Sex should not be inexplicably painful, and I honestly think that is so very important for women to know, because every normal functioning sexual being is deserving of a happy and fulfilled sex life. When you live with a sexual dysfunction, it's difficult to see this. If you believe that you or someone you know is showing signs of vaginismus or is experiencing painful sex, obviously be sure to get checked to rule out any health issues, but please know that working together with the right medical professionals to provide you with a schedule or treatment route that you are comfortable with, as well as working on keeping a positive mindset for yourself and your own piece of mind, is the best way forward. Although my journey is still relatively new, I know I've seen improvements. I definitely feel there is a light at the end of the tunnel now, whereas before the issue was dragging my whole life down. For those suffering now, remember vaginismus is one of the most treatable sexual dysfunctions, and with an individualised treatment pathway that suits you and your needs, ultimately everything will fall into place. Keep going—you're doing great.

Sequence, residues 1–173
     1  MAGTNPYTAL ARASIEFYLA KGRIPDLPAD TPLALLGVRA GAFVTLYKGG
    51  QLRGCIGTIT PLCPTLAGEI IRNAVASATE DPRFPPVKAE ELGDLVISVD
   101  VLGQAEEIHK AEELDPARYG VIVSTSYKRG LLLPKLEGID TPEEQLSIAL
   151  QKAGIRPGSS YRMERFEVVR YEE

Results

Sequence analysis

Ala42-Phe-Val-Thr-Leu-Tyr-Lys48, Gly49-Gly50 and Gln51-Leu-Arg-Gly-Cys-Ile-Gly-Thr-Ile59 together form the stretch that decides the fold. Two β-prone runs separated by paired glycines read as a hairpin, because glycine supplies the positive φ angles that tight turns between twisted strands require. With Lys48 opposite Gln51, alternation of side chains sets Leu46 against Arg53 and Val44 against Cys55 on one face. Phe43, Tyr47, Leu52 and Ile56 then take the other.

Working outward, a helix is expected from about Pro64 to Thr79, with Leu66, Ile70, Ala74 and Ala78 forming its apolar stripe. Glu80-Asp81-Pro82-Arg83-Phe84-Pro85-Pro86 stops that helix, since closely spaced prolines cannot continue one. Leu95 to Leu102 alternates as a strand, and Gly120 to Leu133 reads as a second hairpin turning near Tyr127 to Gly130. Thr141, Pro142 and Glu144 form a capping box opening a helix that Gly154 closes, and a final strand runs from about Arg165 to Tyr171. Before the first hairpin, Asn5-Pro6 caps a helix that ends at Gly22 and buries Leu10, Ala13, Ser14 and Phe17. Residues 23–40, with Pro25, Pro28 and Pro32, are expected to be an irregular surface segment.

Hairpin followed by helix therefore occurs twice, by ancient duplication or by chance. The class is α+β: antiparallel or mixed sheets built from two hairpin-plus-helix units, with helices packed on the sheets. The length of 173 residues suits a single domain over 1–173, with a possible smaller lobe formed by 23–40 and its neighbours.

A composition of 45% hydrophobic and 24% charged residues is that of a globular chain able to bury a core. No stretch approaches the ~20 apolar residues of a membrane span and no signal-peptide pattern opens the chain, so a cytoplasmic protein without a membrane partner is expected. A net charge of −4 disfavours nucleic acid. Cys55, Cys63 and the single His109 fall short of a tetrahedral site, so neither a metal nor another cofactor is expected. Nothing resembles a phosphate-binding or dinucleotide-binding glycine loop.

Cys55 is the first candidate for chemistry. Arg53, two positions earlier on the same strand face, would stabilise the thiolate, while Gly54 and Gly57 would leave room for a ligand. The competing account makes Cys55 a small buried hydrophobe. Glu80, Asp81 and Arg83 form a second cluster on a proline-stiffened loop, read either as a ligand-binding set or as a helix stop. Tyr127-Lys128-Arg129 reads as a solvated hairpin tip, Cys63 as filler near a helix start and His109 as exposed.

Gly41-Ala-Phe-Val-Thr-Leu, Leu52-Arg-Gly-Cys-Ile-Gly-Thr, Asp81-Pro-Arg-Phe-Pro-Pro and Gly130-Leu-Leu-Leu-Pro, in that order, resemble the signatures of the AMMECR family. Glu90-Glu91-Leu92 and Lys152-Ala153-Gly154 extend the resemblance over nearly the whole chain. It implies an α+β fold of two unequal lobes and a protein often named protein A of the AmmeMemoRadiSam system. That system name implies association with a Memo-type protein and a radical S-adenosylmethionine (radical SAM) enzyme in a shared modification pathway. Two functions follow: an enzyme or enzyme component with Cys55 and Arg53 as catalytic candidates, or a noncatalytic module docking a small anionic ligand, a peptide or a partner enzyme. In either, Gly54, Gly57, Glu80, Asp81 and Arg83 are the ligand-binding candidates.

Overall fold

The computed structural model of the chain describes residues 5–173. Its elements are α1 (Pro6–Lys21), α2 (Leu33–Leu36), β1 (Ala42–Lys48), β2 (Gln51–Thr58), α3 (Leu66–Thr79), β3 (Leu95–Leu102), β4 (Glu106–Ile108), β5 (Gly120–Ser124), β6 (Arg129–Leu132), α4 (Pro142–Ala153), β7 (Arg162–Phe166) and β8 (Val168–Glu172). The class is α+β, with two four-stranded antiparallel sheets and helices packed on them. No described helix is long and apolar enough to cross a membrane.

Websites to look at include the Maze Women's Sexual Health and Dr. Pacik, as well as the London Gynae Centre if you're interested in botox, and get in contact with your local GP to organise a gynaecological exam if you're unsure whether the pain you're experiencing is related to vaginismus. The video url at the top of this page is one published by YouTube channel Iris, and is well recognised in the vaginismus community describing the struggles of pelvic pain and the extent it affects aspects of people's lives.